By Teo Kermeliotis
How do you protect some of the world's rarest large mammals from rampant poaching in an area about six times the size of Manhattan? Conservationists in Kenya believe the answer could come from the skies.
Nestled in the shadow of the majestic Mount Kenya, Ol Pejeta Conservancy is a 90,000-acre game reserve boasting a wide array of wildlife, including the endangered black and white rhinos, elephants, leopards, lions and chimpanzees. Since late 2009, it has also been home to four of the last seven northern white rhinos left in the world.
Despite its vast size, the privately owned conservancy relies on a team of just 190 rangers -- 40 of whom are armed -- to safeguard the wildlife roaming its grass plains and acacia-dotted savannah.
Rhinos, in particular, are in great danger as their horns, which are highly coveted in some parts of the world for their supposed healing powers, are increasingly being targeted by highly equipped criminal syndicates. Armed with big guns, chainsaws and night-vision equipment, poachers seem to prefer targeting privately owned game parks, where security is often a big expense that not all of them can afford.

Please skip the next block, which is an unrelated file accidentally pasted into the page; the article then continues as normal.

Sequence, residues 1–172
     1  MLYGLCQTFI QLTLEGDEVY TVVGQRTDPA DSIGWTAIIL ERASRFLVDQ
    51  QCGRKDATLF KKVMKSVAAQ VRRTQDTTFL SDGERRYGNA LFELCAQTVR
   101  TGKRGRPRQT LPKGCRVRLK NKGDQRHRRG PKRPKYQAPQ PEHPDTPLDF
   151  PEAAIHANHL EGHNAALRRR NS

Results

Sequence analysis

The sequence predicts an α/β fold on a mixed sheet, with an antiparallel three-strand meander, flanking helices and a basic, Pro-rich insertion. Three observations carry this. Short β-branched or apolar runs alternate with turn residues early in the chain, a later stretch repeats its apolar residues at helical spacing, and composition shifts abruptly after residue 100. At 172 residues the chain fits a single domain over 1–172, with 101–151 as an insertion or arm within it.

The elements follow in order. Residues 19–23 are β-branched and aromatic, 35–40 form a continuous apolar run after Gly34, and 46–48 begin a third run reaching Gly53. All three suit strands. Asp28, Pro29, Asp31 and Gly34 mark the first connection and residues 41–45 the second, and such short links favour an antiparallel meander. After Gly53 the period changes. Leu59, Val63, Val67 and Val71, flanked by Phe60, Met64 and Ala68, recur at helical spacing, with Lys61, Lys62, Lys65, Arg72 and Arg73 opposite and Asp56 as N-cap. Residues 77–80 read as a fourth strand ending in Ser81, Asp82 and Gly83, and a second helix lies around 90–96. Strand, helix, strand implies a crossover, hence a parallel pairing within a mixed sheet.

But now bosses at Ol Pejeta are planning to test an innovative solution to supplement their security efforts for the protection of the endangered animals: unmanned aerial drones that will help monitor and track wildlife across the reserve night and day, as well as providing immediate notifications over the presence of poachers.
Last week, the Kenyan conservancy successfully concluded its campaign to raise $35,000 via crowd-funding website Indiegogo to help it buy its first drone from U.S. company Unmanned Innovation Inc. The electrically powered "aerial ranger," with a final cost of about $70,000, will be fitted with a high-definition camera featuring a powerful zoom for day operations and infrared thermal imaging for night flights.
Each aerial mission is expected to cover an area of 50 square miles over a 90-minute flight. It will fly three or four times a day, monitoring the locations of the endangered species and transmitting a live stream to a laptop on the ground, providing key information that will enable rangers to reach vulnerable areas and fend off any potential poaching dangers. More....